If your social circle includes many people of a net worth far above your own, especially circles that focus on consumer possessions, you might feel pressure to drive a fancier car to feel more comfortable with the group. You might be surprised that not all wealthy social circles value the purchase and consumption of vehicles, homes, and other status symbols. In fact, as The Millionaire Next Door makes clear, most households of high net worth place little value on using possessions to impress others.

On the other extreme, some low-income social circles focus on owning nice vehicles as well. You might see this in some communities or neighborhoods where homes are on the verge of falling apart. Despite the poor housing conditions and poverty, you might find late-model Cadillacs and Camaros parked on the streets. Similarly, as the first tendency of human nature noted above indicates, when people struggle financially from day to day, they often strive to procure a nice albeit small asset like a vehicle rather than a large long-term asset like a home because it’s easier.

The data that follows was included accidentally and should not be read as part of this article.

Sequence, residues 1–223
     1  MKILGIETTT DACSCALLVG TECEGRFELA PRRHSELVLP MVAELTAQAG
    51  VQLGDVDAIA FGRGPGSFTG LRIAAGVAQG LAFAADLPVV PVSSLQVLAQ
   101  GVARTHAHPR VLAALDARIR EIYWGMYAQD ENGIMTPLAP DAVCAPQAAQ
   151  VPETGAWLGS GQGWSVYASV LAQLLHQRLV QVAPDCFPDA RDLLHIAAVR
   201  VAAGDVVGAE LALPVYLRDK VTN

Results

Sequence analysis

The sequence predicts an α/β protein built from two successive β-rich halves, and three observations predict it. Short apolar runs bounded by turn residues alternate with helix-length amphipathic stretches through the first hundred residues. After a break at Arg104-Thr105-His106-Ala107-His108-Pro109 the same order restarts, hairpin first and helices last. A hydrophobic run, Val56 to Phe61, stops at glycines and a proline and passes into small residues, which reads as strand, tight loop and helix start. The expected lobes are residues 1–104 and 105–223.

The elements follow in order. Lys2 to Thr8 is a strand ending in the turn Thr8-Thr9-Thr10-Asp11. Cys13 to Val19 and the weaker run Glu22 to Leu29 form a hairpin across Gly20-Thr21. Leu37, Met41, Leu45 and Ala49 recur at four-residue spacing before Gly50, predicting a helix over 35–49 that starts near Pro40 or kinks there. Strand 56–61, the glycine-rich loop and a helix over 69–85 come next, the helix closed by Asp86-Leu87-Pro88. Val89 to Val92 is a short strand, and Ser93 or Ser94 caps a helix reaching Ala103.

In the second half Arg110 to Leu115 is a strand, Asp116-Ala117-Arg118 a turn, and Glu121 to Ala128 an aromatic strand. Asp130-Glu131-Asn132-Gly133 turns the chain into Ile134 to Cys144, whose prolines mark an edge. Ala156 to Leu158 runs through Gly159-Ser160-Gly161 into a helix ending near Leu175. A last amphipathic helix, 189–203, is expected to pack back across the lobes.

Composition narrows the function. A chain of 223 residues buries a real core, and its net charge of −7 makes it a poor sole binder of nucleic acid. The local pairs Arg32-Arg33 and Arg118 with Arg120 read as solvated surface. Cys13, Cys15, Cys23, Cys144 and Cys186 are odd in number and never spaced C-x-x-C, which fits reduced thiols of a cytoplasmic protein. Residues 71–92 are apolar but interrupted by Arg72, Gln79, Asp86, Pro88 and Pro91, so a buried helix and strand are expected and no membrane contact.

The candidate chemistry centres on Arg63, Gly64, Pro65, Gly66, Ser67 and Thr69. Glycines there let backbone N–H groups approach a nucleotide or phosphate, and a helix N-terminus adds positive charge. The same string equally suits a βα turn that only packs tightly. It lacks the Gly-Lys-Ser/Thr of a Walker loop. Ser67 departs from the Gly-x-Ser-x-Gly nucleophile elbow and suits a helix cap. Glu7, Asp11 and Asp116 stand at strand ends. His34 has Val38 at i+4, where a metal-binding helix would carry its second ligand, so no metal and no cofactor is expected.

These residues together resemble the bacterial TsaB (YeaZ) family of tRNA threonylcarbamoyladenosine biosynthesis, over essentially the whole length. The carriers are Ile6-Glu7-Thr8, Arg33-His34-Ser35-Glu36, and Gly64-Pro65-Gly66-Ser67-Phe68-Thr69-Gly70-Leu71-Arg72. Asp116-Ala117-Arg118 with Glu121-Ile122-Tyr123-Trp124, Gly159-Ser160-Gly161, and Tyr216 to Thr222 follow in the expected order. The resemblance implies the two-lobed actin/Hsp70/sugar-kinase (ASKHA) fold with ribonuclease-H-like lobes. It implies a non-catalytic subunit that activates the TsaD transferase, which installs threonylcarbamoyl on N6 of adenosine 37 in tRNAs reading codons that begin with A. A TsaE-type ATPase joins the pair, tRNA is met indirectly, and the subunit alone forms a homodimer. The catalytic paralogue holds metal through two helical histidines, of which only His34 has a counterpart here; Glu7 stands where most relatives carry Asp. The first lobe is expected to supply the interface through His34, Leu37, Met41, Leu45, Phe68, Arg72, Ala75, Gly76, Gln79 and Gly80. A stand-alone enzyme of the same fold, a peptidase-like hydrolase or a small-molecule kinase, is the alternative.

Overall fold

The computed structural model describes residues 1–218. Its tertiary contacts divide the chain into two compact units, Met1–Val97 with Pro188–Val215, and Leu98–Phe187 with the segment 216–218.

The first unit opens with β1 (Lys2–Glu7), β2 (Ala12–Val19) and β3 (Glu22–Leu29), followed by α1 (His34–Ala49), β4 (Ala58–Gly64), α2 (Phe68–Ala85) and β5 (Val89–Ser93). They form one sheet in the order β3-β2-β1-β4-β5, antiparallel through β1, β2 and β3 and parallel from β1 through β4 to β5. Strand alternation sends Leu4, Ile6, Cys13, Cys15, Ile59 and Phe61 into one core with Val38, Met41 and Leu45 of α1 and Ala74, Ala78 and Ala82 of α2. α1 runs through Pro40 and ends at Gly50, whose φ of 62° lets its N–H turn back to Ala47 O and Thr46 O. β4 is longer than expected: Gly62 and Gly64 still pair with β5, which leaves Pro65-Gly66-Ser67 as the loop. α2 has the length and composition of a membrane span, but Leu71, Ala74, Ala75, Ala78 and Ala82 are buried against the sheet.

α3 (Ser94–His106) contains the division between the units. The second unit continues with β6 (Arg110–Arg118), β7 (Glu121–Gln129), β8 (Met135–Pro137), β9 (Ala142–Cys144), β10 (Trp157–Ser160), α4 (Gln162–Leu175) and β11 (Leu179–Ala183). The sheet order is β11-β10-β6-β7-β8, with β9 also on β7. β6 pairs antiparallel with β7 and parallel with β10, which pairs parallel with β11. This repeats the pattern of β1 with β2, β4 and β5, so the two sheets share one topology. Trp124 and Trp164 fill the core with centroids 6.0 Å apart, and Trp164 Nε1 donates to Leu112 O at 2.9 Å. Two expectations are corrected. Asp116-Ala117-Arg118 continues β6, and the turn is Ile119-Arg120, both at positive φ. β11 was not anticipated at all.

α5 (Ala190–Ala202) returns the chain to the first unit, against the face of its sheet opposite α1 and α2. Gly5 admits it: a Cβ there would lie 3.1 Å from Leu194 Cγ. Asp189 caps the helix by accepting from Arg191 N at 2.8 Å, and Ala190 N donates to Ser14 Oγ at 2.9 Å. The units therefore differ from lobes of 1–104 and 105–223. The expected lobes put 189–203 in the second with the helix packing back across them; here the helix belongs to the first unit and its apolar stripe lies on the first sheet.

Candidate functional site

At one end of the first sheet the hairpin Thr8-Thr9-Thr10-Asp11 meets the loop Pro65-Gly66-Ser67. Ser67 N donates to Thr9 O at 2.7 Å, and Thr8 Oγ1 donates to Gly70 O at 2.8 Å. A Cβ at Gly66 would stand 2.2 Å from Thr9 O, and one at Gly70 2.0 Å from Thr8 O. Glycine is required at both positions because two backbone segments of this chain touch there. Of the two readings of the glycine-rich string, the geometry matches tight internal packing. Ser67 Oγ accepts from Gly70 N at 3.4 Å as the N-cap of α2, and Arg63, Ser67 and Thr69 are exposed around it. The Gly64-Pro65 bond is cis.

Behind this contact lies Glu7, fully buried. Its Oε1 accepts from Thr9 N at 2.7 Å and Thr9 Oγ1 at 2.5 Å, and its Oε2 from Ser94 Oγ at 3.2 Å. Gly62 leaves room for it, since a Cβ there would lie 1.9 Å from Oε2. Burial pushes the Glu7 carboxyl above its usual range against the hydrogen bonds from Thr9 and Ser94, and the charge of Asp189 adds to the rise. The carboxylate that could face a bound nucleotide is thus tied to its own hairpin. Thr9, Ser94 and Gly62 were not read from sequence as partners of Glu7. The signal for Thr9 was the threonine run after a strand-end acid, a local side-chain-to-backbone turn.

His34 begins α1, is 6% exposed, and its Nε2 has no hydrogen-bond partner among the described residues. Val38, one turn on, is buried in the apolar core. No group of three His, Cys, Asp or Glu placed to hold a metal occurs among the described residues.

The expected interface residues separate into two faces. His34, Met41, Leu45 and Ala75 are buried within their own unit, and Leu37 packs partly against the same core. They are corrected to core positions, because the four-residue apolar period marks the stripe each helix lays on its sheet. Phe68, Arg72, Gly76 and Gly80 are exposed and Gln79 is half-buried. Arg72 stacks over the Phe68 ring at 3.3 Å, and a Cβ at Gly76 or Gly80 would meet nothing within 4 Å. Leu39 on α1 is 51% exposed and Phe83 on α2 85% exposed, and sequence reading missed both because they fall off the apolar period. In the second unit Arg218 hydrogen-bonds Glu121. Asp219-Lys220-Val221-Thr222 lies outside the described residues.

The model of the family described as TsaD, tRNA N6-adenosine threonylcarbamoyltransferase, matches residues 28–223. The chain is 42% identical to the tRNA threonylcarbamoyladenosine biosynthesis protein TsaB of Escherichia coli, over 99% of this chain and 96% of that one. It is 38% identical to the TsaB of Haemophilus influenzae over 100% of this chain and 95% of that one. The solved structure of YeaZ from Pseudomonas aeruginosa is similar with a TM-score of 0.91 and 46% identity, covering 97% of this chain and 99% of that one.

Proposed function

Practical steps to take and habits to develop

Since this human tendency influences us based on the values of others (we buy nice vehicles because others value nice vehicles), you can counter this influence by first making a list of your own financial priorities. These should not include dollar amounts but, instead, achievements and activities that you want in your life that will require funding. They might involve education, travel, time with family, and being able to volunteer.

Most importantly, this list must feel meaningful to you. Once you have it written down, you can take any future pressure to spend on things that matter to others and see if it fits within your own list. If it does, great! If not, you will have an easier time dismissing the temptation.

4. You crave riches rather than wealth

Because we more easily see riches (possessions, consumer goods, etc.) than wealth (investments, bank accounts, businesses owned), we too easily place them higher on our list of wants.